For instance, if you are a forward, the position does not demand as much backwards skating as a defensive position, however both positions utilize forward-skating crossover techniques, so in some cases you’ll borrow tactics from other positions.

Irrespective of position assignment, it’s strongly suggested that as players move through the ranks they should work towards a versatile role, meaning they can assume the duties of a defenseman (or forward), if needed. Doing this helps a player better adapt to varying on-ice challenges, both physically and mentally. The anomaly to this versatility rule is, of course, the goalie, since this position will never assume the role of a d-man or forward. On the flip side, you won’t see a skater step into the crease, unless of course you are Kris Russel of the Edmonton Oilers who holds the record for most blocked shots in one game at 15.

Since we are talking goalies, which is by far the most unique and laborious position on the ice, let’s take a look at what we know and have seen as far as injuries and conditioning strategy. Given the dynamic duties of a goaltender, we most commonly treat hip injuries resulting from squatting positions, quick side-to-side transitions and knee-to-ice movements that necessitate major hip rotations.

Similar to a forward or defenseman, a goalie must also understand the mechanics of the position and the levels of mobility needed to meet the grueling demands of the position. What makes this position even more unique is that on top of recognizing one’s own mechanics and strategies, a netminder must also learn the mechanics and strategies of a skater to better prepare their physical responses.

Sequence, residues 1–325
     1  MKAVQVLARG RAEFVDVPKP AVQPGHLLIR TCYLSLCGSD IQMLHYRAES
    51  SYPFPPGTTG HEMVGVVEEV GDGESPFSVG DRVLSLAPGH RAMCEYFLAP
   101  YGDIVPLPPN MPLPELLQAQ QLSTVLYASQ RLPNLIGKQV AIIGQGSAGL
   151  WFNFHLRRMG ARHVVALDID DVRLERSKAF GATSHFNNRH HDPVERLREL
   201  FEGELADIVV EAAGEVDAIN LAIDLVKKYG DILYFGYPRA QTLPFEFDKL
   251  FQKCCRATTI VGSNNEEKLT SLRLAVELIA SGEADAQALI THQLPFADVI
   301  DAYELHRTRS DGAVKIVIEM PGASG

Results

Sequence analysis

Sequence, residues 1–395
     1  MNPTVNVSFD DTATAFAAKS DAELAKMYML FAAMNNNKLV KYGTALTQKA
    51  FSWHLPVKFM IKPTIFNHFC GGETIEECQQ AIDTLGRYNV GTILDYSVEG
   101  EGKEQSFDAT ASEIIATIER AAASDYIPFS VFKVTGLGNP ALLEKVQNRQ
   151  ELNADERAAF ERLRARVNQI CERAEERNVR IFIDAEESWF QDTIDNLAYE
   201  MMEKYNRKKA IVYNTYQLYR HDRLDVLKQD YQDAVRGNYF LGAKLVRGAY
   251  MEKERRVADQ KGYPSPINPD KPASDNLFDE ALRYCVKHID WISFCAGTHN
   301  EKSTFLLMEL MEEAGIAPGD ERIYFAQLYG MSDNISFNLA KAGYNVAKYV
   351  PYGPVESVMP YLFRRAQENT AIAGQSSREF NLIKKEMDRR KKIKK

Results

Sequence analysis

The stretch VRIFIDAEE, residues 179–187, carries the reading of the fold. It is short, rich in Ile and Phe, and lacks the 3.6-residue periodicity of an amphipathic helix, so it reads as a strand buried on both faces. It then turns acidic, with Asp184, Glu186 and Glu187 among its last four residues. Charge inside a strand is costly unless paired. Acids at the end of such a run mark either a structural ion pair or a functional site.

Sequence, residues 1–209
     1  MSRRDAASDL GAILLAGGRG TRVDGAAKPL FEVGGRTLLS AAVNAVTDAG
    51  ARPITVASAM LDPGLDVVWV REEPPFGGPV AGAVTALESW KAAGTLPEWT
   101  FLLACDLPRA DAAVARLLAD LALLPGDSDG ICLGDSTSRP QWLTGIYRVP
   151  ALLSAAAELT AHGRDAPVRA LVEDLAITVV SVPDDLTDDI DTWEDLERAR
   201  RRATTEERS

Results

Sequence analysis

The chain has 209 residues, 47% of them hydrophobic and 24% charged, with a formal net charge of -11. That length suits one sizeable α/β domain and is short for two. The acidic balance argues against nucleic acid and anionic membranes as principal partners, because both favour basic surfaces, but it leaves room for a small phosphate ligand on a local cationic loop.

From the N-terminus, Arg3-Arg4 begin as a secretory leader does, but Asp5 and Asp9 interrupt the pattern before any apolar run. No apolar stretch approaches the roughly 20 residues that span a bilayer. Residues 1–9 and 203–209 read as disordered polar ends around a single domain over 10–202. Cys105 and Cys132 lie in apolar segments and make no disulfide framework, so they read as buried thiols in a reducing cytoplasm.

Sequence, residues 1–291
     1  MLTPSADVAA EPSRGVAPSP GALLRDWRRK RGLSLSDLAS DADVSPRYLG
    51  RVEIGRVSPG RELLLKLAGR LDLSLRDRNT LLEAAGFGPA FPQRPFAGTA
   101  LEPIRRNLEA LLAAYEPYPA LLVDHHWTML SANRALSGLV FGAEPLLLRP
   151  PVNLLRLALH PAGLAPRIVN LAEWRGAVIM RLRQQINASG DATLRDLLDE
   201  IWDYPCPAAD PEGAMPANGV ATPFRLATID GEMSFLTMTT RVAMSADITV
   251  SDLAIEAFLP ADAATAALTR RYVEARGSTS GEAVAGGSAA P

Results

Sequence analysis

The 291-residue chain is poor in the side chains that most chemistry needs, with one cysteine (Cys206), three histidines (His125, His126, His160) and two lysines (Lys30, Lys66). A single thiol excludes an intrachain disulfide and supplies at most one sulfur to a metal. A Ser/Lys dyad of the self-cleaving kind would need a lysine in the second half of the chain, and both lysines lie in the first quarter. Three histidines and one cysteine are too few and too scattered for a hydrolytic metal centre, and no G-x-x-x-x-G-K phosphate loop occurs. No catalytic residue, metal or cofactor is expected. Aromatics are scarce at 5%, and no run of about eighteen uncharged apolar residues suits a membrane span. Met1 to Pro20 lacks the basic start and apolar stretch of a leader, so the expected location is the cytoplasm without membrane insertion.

Once you’ve identified your role on the ice and importance of training and rehabilitation guidelines for each position, it comes time to establish a more thorough, role-specific training and injury-prevention program. For a forward or defenseman, this program must combine a focus on strength, speed, flexibility and endurance. With a goalie, their program should be similar to their teammates, however, he/she must follow a program that has an increased focus on flexibility, strength and endurance.

Avoiding injuries with the proper gear

The main thing to remember when outfitting yourself (or someone else), is to make sure the gear is appropriate for the position (i.e., skater vs. goalie) and that it fits properly. With this, you must also consider proper stick lengths and shape as well as the way a hockey skate fits and the skate’s blade radius. And yes, even the sharpness of the hockey skate blade can affect the player due to on-ice variables such as one’s position and softness/hardness of the ice.  Making yourself and others aware of these things and taking appropriate action can help to lessen the severity and occurrence of on-ice injuries. For helpful tips on properly outfitting your equipment, check out this hockey equipment fitting guide from the experts at Dick’s Sporting Goods.